Anatolian Shepherd Breed Guide

Anatolian Shepherds are large and powerful dogs with muscular torsos and strong heads. The breed's coat may be short or rough with slightly longer neck hair and a dense undercoat. These dogs come in all color markings, including brindle and fawn, and they stand 27 to 29 inches at the shoulder. Females weigh 80 to 120 pounds and males weigh 110 to 150 pounds.

Anatolian Shepherds are loyal, intelligent, and independent and make good companions with sufficient training and socialization.

These hardy, rugged dogs have an exceptional ability to protect livestock and are usually found working as guard dogs. Anatolian Shepherds are loyal, intelligent, and independent and make good companions with sufficient training and socialization.

Anatolian Shepherd dogs are being used by the Cheetah Conservation Fund as part of an effort to reduce the number of cheetahs shot and killed by farmers. By keeping the cheetahs from attacking livestock, the Anatolian Shepherds are saving them from the wrath of angry farmers.

As a breed, Anatolian Shepherd dogs are instinctively protective and loyal to their family. These dogs tend to be calm and reserved around strangers, but they may become aggressive if they feel their family or property is threatened. They are typically good around children but may overreact when witnessing rough play; as natural guardians, Anatolian Shepherds may step in to defend their human child during roughhousing.

This breed is courageous, highly adaptable, intelligent, and stubborn. Anatolian Shepherd dogs tend to be nocturnal by nature and enjoy the company of others; this is not a solitary breed. These dogs generally have a serious nature that may not appeal to all families.

With regular exercise and attention, Anatolian Shepherds make good companion animals. If neglected, however, they may become bored and increasingly destructive. These dogs do best when kept busy.

A number of health conditions are more likely to develop in Anatolian Shepherds than in some other dogs, including ankyloglossia, which is a condition that affects the tongue, carpal laxity syndrome, and congenital deafness. Orthopedic problems, such as elbow and hip dysplasia, are one of the biggest concerns in this breed. Eye problems and hypothyroidism are also seen in these dogs.

Additionally, these dogs are prone to bloat, gastric torsion, and gastric dilatation volvulus, potentially fatal conditions requiring immediate attention or surgery. Human caretakers must always be on alert for drooling, pale gums, pacing, restlessness, pain signs, attempts to vomit unsuccessfully, and other signs that may indicate the development of one of these problems. Anatolian Shepherds are known to be sensitive to anesthesia.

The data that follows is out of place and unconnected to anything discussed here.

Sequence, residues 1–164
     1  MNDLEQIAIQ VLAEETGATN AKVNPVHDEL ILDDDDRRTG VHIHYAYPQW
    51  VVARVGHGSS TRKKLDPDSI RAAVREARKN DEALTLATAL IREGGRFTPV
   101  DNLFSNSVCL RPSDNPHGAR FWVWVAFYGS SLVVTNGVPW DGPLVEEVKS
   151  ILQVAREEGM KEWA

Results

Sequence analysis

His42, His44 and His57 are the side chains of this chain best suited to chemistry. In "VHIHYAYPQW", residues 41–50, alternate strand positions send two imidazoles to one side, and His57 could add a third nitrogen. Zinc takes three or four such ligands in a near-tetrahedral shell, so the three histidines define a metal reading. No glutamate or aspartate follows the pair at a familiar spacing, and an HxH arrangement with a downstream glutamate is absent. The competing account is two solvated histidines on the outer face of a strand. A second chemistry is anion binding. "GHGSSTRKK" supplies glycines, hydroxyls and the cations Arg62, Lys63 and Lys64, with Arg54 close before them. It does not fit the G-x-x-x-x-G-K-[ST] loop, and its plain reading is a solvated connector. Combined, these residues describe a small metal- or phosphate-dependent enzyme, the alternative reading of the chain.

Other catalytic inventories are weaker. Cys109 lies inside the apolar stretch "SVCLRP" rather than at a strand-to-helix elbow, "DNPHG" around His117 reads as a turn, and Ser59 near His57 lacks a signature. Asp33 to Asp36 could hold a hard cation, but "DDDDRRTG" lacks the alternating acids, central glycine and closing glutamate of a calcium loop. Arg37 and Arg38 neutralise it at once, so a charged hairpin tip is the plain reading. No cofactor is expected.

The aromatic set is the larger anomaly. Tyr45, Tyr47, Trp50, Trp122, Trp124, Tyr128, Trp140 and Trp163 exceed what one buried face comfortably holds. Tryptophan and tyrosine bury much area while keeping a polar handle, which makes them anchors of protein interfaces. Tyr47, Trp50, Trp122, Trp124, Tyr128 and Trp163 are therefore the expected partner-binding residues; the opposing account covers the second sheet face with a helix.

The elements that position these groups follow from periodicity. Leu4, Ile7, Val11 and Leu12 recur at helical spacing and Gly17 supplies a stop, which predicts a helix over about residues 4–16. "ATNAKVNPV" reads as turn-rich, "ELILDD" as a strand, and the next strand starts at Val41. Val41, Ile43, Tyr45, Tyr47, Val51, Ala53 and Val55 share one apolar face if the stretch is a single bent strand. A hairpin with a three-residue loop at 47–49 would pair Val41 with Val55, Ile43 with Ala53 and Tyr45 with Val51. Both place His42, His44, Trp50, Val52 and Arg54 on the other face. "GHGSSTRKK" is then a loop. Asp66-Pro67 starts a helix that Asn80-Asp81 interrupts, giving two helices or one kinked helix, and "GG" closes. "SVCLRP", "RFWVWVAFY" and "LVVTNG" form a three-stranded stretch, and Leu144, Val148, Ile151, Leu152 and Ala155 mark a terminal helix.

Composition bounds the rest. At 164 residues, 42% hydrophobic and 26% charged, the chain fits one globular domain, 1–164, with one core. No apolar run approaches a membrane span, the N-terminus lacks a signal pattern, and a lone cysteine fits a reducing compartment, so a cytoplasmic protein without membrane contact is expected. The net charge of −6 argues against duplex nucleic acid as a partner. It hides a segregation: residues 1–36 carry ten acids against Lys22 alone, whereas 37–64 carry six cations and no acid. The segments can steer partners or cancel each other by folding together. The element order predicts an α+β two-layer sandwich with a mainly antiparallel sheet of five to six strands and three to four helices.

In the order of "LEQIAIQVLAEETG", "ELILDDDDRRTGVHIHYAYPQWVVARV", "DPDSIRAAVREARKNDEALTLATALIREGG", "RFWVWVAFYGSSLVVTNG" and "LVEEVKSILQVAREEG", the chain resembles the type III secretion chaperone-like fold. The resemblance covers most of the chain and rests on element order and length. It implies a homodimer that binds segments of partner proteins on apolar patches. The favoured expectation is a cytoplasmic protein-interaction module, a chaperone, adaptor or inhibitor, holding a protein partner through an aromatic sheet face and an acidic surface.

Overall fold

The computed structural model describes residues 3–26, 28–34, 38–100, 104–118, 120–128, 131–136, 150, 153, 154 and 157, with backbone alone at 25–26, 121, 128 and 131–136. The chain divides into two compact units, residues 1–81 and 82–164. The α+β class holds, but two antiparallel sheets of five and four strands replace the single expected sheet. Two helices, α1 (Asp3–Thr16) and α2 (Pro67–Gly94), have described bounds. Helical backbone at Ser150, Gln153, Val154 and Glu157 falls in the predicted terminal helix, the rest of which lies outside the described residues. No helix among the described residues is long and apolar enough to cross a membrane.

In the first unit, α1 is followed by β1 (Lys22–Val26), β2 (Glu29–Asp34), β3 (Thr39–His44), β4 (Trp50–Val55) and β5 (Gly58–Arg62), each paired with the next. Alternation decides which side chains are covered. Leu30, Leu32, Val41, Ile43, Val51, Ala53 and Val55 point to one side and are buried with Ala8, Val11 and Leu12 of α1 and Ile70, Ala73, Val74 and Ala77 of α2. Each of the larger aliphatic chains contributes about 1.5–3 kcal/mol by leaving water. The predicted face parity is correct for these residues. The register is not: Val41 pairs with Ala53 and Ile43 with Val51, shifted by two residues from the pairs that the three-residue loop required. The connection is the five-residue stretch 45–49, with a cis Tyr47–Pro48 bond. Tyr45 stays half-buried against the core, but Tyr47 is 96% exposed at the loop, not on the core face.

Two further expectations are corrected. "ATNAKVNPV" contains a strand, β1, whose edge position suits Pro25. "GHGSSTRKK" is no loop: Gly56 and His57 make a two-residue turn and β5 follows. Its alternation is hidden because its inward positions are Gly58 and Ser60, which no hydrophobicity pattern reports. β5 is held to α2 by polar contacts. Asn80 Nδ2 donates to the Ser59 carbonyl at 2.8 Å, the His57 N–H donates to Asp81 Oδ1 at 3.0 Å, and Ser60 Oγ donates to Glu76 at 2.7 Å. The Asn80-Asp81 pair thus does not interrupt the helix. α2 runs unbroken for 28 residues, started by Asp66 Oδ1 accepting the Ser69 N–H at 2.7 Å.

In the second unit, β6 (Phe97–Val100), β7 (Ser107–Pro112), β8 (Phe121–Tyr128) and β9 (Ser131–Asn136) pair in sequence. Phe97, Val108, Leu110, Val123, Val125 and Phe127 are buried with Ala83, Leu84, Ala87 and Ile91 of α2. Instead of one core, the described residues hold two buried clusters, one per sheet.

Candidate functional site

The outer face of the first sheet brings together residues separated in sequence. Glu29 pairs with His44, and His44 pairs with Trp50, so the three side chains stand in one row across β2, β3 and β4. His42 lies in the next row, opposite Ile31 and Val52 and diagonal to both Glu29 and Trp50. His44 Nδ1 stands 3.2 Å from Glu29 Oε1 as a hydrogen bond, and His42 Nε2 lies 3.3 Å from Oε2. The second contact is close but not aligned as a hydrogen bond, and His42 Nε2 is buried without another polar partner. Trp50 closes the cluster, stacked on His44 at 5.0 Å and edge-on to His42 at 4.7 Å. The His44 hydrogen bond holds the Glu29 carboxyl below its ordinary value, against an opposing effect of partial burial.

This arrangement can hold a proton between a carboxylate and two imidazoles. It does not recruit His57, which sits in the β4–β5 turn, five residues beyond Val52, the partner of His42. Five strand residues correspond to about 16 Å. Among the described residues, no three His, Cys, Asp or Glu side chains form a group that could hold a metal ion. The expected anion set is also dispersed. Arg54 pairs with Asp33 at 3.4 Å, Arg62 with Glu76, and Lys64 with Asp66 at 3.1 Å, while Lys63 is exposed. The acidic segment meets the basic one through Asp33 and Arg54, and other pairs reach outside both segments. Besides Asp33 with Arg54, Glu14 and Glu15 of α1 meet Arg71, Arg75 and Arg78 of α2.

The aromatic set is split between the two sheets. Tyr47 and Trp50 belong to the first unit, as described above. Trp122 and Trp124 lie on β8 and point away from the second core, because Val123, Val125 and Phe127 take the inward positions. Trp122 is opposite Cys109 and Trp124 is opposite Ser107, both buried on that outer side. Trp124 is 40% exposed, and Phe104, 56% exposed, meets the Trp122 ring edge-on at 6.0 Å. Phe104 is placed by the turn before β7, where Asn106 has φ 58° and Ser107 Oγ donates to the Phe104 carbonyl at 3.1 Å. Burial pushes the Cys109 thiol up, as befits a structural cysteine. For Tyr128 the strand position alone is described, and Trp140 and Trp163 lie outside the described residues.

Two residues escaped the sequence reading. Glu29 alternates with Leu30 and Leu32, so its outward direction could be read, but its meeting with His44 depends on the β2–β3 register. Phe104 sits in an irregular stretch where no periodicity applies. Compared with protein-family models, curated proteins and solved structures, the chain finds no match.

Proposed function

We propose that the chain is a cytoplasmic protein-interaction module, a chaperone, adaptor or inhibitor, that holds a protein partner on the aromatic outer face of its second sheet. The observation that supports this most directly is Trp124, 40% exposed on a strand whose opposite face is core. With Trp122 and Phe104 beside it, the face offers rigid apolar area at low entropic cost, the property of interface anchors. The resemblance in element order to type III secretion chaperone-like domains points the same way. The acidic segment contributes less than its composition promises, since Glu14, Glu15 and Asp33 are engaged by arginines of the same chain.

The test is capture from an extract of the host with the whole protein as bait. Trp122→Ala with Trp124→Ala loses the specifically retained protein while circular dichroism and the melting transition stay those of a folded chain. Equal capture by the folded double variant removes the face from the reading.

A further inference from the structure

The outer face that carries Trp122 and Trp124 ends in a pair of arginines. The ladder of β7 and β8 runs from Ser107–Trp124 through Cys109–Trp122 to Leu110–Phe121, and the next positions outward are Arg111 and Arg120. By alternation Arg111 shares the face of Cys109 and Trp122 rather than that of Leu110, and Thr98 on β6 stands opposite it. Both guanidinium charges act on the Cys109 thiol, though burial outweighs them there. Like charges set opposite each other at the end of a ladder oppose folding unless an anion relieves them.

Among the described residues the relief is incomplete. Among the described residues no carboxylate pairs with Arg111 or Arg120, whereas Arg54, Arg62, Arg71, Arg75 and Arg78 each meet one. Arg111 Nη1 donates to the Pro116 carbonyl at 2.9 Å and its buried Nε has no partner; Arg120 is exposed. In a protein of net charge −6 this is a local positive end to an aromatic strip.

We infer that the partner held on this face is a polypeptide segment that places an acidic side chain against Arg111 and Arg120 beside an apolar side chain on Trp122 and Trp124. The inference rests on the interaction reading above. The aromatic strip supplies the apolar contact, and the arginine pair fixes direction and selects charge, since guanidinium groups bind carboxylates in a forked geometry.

With routine veterinary care, timely vaccinations, quality nutrition, and plenty of exercise, Anatolian Shepherds typically live 11 to 13 years.

Anatolian Shepherds are stubborn and independent, but they are trainable, too. Training must begin early in life before the breed's size and behavior become unmanageable, and early socialization can prevent these dogs from becoming fearful and suspicious. The breed will act to protect family and property and can become aggressive with strangers when feeling threatened. Beware of breeders who raise puppies in isolation; these do not make good companion animals.

While Anatolian Shepherd dogs aren't known for misbehaving, the breed can develop problems with chewing and barking, especially if not given attention and provided with plenty of exercise. Moreover, these dogs were bred to make independent decisions, and owner commands may or may not be followed, depending on the Anatolian Shepherd's mood.

Dog parks are rarely a good exercise option for this breed because Anatolian Shepherds tend to be aggressive toward other animals. These dogs need to run, however, and must have sufficient time outdoors. Backyard fences must be very high to keep these dogs inside. Anatolian Shepherds usually don't mind living outdoors, provided they receive lots of attention from family members. Chaining is never recommended.

Anatolian Shepherd dogs have some grooming concerns that may make them unsuitable for certain households. In fact, the breed tends toward moderate to excessive shedding, and this is one of the primary reasons these dogs end up abandoned to rescue groups.

To keep the coat and skin healthy, brush at least once weekly to remove dead hair and distribute skin oils necessary to keep the skin and coat moisturized, shiny, and healthy. During the twice-yearly shedding season, brushing must be done daily to keep shedding under control. Fortunately, bathing these dogs is rarely necessary and the breed does not typically smell.

Clean and check the ears often; this breed's drop ears are prone to infection and must be kept dry and clean at all times. Brush the teeth as often as possible to prevent tooth decay, gum disease, and bad breath. Trim the nails a few times each month, or as needed.

Anatolian Shepherds originated as a guardian breed in a region of Turkey called Anatolia about 6,000 years ago. The breed was used as the frontline defense against predators because of its natural protectiveness and independence and its ability to tolerate harsh climate.

Breeders created and used shepherd in the same color and size as livestock so that they'd blend in with the animals they were protecting. This made the dogs especially effective at their job.

Anatolian Shepherd dogs were brought to America in the 1950s by archaeologist Rodney Young, although this was not the first time the breed made an appearance in the United States; some Anatolian Shepherds were presented to the U.S. Department of Agriculture by the Turkish government in the 1930s. The first recorded American bred litter was in 1970.

The American Kennel Club officially recognized the Anatolian Shepherd dog in 1996.